- Social worker - we were sort of ambivalent about this meeting. Given everything we know about kidney transplants we knew most of what she wanted to cover. The burden of being on anti-rejection meds for the rest of your life, the follow-up immediately after the transplant (doctors visits four days a week for about a month), emotional impact of a transplant, etc. Nothing overwhelming.
With that we then had to do a few tests. Blood draws, and a lot of it. They took, and took, and took blood. Important stuff I suppose, but they were bleeding me for a while. With that done our transplant coordinator, Sahar (who was awesome), told us that she had scheduled a few tests for us across the street right then. Pretty impressive, she scheduled us for a MRI, CT Scan, and chest X-Ray. So, we went across the street to have those done. Talk about great service. The receptionist at the radiologist said that it would take about an hour-and-a-half to do all of the tests. They had me in and out in 40 minutes! I never waited for more than two minutes. I went immediately from the MRI machine to the CT Scan with no waiting and from there to the X-Ray and the technician was waiting for me. Amazing.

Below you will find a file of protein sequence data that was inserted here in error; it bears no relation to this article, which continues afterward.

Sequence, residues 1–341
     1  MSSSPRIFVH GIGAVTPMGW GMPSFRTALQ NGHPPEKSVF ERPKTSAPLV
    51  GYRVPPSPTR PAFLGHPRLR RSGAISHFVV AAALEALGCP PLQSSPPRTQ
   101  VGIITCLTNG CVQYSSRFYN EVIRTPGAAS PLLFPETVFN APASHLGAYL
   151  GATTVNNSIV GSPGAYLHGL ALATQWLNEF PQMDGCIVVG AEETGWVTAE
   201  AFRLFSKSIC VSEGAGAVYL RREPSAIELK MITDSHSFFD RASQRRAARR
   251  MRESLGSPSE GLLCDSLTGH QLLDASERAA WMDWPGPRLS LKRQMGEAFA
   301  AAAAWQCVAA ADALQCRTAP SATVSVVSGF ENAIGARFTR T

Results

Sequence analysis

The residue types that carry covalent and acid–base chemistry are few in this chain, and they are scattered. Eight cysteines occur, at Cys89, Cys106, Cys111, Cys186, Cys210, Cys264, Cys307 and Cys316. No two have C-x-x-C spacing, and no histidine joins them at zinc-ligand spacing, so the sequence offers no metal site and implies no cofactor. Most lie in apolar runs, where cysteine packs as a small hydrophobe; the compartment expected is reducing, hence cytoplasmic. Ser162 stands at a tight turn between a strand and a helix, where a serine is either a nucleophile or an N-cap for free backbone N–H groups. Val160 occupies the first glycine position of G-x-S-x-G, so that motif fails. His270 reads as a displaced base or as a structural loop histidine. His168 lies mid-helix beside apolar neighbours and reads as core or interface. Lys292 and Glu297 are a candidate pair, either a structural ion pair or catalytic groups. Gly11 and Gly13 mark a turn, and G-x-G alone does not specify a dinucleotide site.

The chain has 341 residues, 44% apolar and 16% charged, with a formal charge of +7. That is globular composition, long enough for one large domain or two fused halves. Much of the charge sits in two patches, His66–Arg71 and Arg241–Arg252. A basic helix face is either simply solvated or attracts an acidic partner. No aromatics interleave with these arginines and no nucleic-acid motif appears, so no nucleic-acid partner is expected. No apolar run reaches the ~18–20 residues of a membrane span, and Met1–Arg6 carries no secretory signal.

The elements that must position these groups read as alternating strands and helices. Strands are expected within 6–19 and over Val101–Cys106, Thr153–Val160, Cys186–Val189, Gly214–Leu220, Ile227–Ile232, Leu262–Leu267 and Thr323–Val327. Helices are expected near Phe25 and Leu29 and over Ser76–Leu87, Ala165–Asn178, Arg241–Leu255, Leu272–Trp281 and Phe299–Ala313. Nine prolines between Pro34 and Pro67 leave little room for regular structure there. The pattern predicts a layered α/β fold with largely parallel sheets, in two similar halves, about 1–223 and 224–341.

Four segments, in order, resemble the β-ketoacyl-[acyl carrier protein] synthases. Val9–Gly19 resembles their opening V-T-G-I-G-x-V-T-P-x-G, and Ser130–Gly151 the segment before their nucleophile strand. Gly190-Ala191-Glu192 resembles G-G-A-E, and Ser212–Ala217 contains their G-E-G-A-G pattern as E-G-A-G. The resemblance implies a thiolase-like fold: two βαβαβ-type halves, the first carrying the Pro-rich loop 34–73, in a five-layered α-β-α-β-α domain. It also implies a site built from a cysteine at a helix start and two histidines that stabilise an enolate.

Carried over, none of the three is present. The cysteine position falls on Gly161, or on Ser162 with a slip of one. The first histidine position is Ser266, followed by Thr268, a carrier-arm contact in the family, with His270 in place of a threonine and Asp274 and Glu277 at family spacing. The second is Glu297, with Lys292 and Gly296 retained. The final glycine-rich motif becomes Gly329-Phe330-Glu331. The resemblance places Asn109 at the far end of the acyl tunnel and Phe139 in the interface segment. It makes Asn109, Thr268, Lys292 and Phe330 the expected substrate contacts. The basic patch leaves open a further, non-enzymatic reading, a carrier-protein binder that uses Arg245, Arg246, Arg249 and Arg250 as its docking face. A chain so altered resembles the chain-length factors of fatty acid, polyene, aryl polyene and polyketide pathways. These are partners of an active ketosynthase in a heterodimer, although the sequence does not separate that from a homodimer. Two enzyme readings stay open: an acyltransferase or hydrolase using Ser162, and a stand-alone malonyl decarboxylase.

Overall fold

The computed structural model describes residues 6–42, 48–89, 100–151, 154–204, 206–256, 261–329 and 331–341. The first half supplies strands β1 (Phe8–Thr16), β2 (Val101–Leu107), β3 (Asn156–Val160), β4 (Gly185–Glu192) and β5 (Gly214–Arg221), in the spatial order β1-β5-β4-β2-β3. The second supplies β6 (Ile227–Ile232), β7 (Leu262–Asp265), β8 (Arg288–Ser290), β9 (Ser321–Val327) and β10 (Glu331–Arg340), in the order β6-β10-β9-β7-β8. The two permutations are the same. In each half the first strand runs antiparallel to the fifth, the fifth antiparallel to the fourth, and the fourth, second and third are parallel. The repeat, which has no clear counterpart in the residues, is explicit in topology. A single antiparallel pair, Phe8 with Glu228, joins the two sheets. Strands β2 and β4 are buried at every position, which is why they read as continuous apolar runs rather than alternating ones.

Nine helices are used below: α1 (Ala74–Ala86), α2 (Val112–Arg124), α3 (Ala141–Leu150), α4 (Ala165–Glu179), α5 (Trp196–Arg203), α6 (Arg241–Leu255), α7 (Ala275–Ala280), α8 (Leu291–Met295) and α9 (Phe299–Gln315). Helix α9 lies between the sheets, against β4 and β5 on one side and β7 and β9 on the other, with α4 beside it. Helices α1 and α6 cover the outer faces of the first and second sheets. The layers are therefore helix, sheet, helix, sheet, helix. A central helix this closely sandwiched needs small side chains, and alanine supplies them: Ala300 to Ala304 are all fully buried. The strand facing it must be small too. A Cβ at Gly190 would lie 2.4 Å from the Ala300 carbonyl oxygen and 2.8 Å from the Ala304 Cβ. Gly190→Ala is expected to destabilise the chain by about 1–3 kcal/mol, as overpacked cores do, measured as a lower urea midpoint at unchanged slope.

Next steps? We were unable to meet with a transplant surgeon so we need to do that. We also need to have a heart stress test done. We are going to do both of those on the 19th of this month. From there I'm not sure what is next, but I know they'll let us know.
It was a good day. The transplant center was excellent and the process was not overwhelming at all. I feel good about where we are at and I think the day made Stacie feel a little bit better also - but I am open to being corrected on this point.